* this is passed instead of aEVP_PKEY, it is set to 0 */
int pad;
long version;
const RSA_METHOD *meth;
/* functional reference if 'meth' is ENGINE-provided */
ENGINE *engine;
BIGNUM *dmp1;
BIGNUM *dmq1;
BIGNUM *iqmp;
/* be careful using this if the RSA structure is shared */
int references;
int flags;

/* Used to cache montgomery values */
BN_MONT_CTX *_method_mod_n;
BN_MONT_CTX *_method_mod_p;
BN_MONT_CTX *_method_mod_q;

/* all BIGNUM values are actually in the following data, if it is not
* NULL */
char *bignum_data;
BN_BLINDING *blinding;
BN_BLINDING *mt_blinding;

typedef bignum_st BIGNUM;
struct bignum_st
BN_ULONG *d; /* Pointer to an array of 'BN_BITS2' bit chunks. */
int top; /* Index of last used d +1. */
/* The next are internal book keeping for bn_expand. */
int dmax; /* Size of the d array. */
int neg; /* one if the number is negative */
int flags;

As one can expect, a RSA structure contains n, e, d, p, q and some other data. We need to get these numbers, which are stored in BIGNUM structures, out of the coredump. So the next thing to do is know where idtable is in the coredump. I load the coredump into bless, my favourite hex editor (click on the image to zoom in):

As you can see, at offset 0x13b0 is socket_name. Based on the analysis of the last paragraph, we can guess that max_fd, parent_pid, and parent_alive_interval are stored in 12 bytes between offset 0x13a4 and 0x13af. Then one can ask, what are those 16 null bytes from offset 0x1394 to 0x13a3? I don't know. If you know, please drop me a line. But I know for sure, idtable is stored in 36 bytes from offset 0x1370 to 0x1393, just right before those weird 16 null bytes.

The idtable array has 3 entries, one for each SSH protocol version. Each entry is an structure whose length is 12 bytes (hence 36 bytes for the whole array). When ssh-agent starts, each Idtab is initiated like this:

idtable.nentries = 0;

where TAILQ_INIT is a macro defined in sys/queue.h as following:

#define TAILQ_INIT(head) do {
(head)->tqh_first = NULL;
(head)->tqh_last = &(head)->tqh_first;
} while (/*CONSTCOND*/0)

So after initiation, an Idtab structure would contain 1 zero integer for nentries, 1 null pointer for idlist.tqh_first, and 1 pointer for idlist.tqh_last which points back to idlist.tqh_first. Looking at the coredump, one can see that the first two Idtab entries of idtable don't contain any key information because their nentries is 0. This is as expected, since SSH protocol 1 and 1.1 are long deprecated. The last entry of idtable is the Idtab of SSH protocol version 2. As one can see, its nenetries is 1, and we can guess that the pointer 0x0806E3B8 is pointing to an identity structure which contains 4 pointers and 2 integers. Let's see if this is the case:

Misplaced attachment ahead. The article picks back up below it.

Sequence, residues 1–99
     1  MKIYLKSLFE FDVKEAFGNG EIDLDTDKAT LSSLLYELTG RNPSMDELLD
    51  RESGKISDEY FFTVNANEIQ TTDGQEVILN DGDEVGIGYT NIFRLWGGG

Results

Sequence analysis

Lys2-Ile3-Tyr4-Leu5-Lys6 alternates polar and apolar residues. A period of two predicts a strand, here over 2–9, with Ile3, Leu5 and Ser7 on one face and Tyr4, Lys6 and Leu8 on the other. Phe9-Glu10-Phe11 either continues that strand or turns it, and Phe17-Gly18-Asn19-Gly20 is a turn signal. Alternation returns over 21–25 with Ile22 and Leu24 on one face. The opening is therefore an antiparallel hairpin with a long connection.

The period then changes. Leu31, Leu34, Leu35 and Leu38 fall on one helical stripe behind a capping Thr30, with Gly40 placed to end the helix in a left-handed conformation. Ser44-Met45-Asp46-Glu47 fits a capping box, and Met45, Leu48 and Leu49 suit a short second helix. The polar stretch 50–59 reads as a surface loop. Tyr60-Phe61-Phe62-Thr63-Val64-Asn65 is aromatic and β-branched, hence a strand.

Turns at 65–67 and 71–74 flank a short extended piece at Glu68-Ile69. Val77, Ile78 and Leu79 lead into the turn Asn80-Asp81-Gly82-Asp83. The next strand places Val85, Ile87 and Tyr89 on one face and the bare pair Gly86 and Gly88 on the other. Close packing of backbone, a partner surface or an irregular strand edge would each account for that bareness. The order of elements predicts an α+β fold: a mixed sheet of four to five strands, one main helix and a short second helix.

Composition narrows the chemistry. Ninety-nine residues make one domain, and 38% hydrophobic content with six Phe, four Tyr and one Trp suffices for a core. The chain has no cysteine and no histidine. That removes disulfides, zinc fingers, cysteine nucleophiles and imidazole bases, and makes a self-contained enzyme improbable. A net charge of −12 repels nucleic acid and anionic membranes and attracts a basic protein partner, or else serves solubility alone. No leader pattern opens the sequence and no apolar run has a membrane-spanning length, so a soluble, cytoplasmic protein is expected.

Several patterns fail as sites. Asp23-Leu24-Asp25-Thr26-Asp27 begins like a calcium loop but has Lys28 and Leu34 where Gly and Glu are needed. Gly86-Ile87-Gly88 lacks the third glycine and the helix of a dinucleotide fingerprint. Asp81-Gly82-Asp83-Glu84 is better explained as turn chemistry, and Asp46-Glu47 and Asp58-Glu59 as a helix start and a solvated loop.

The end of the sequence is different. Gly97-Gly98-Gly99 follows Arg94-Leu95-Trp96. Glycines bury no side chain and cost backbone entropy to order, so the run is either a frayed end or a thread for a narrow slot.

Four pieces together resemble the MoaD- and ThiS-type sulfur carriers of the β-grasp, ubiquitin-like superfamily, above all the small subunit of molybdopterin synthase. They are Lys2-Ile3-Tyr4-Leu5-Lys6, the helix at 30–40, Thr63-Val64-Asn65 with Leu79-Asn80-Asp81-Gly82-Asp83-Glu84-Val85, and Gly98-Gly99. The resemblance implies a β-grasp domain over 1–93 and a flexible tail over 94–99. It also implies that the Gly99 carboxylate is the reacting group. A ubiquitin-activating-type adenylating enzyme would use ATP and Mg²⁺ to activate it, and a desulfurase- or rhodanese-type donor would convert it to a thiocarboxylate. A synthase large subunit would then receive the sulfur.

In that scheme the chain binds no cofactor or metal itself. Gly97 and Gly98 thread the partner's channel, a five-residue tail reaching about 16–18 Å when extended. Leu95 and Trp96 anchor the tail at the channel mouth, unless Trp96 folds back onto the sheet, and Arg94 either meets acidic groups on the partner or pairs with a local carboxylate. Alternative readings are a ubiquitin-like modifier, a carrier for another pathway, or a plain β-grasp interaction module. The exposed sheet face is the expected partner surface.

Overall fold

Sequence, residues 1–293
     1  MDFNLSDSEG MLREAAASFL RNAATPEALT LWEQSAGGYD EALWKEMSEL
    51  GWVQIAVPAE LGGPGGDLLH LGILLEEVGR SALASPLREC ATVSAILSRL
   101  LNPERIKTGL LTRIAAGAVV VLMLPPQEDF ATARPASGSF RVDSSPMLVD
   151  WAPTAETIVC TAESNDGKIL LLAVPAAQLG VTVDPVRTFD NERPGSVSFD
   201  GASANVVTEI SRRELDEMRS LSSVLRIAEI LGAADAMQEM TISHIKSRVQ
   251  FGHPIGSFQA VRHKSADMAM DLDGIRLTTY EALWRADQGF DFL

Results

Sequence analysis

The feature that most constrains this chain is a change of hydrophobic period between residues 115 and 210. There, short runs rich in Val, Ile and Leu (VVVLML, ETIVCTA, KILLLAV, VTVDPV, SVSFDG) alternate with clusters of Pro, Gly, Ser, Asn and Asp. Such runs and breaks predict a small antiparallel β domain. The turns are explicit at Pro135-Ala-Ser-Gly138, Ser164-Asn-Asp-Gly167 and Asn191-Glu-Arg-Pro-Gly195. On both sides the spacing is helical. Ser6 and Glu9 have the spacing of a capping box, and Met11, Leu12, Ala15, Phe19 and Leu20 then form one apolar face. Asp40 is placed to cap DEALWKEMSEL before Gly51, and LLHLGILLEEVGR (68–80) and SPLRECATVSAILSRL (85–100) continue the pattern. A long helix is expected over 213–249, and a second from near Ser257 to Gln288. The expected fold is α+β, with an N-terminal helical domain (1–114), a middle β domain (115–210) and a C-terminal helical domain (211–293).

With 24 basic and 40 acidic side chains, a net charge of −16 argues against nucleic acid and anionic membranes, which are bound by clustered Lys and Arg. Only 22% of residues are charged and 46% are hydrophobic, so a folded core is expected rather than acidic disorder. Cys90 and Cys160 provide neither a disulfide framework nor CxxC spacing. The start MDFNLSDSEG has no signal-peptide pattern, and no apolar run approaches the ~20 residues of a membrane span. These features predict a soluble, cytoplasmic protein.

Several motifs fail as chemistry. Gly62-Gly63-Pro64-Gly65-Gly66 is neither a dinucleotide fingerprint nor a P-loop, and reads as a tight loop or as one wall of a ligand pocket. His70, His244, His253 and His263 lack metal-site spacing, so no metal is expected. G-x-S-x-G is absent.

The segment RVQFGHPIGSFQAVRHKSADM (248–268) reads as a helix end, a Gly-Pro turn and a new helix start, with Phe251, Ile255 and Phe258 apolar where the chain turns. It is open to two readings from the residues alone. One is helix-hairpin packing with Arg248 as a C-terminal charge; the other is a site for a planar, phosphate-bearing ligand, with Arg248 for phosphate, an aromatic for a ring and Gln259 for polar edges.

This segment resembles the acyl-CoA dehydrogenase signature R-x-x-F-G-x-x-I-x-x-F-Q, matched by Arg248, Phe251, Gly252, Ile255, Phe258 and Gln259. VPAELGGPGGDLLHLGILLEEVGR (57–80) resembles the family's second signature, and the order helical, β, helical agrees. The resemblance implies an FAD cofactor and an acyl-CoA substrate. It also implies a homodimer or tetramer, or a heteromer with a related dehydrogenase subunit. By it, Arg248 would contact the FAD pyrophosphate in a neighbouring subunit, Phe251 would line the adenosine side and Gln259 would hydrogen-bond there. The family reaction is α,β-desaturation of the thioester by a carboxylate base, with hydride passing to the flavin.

$ gdb /usr/bin/ssh-agent core.6261

Core was generated by `/usr/bin/ssh-agent'.
[New process 6261]
#0 0xb7f55424 in __kernel_vsyscall ()
(gdb) x/6x 0x0806E3B8
0x806e3b8: 0x00000000 0x0806297c 0x0806e158 0x0806e3a8
0x806e3c8: 0x00000000 0x00000000
(gdb) x/s 0x0806e3a8
0x806e3a8: "id_rsa"

As you can see, the 4th pointer is comment. So the 3rd pointer should be key, i.e. it should point to a Key structure which contains 2 integers and 2 pointerss:

(gdb) x/4x 0x0806e158
0x806e158: 0x00000001 0x00000000 0x0806e170 0x00000000

If everything is correct, the pointer 0x0806e170 should point to a RSA structure:

(gdb) x/22x 0x0806e170
0x806e170: 0x00000000 0x00000000 0xb7ed5840 0x00000000
0x806e180: 0x0806e210 0x0806e228 0x0806e240 0x0806e288
0x806e190: 0x0806e270 0x0806e2b8 0x0806e2a0 0x0806e258
0x806e1a0: 0x00000000 0x00000000 0x00000001 0x0000000e
0x806e1b0: 0x00000000 0x00000000 0x00000000 0x00000000
0x806e1c0: 0x0806e950 0x00000000

How to be sure this is a RSA structure? Is there any known value to test? Fortunately, the answer is yes. If this is a RSA structure, the 6th pointer 0x0806e228 should point to a BIGNUM structure containing the value of the e parameter which should be 0x23, the default value that ssh-keygen uses for e. Let's see:

(gdb) x/5x 0x0806e228
0x806e228: 0x0806e2e0 0x00000001 0x00000001 0x00000000
0x806e238: 0x00000001
(gdb) x/2x 0x0806e2e0
0x806e2e0: 0x00000023 0xb7d39150

Yay! We got it!

The next step is to extract all the parameters. It was not as easy as it sounds though. I spent quite a lot of time to read out the value of these parameters due to my ignorant of big-edian and little-edian storage. But I managed to get them out eventually. I generated the RSA private key from p and q, and used it to SSH into which indeed gave me the key for challenge 7. I got my first breakthrough he he he.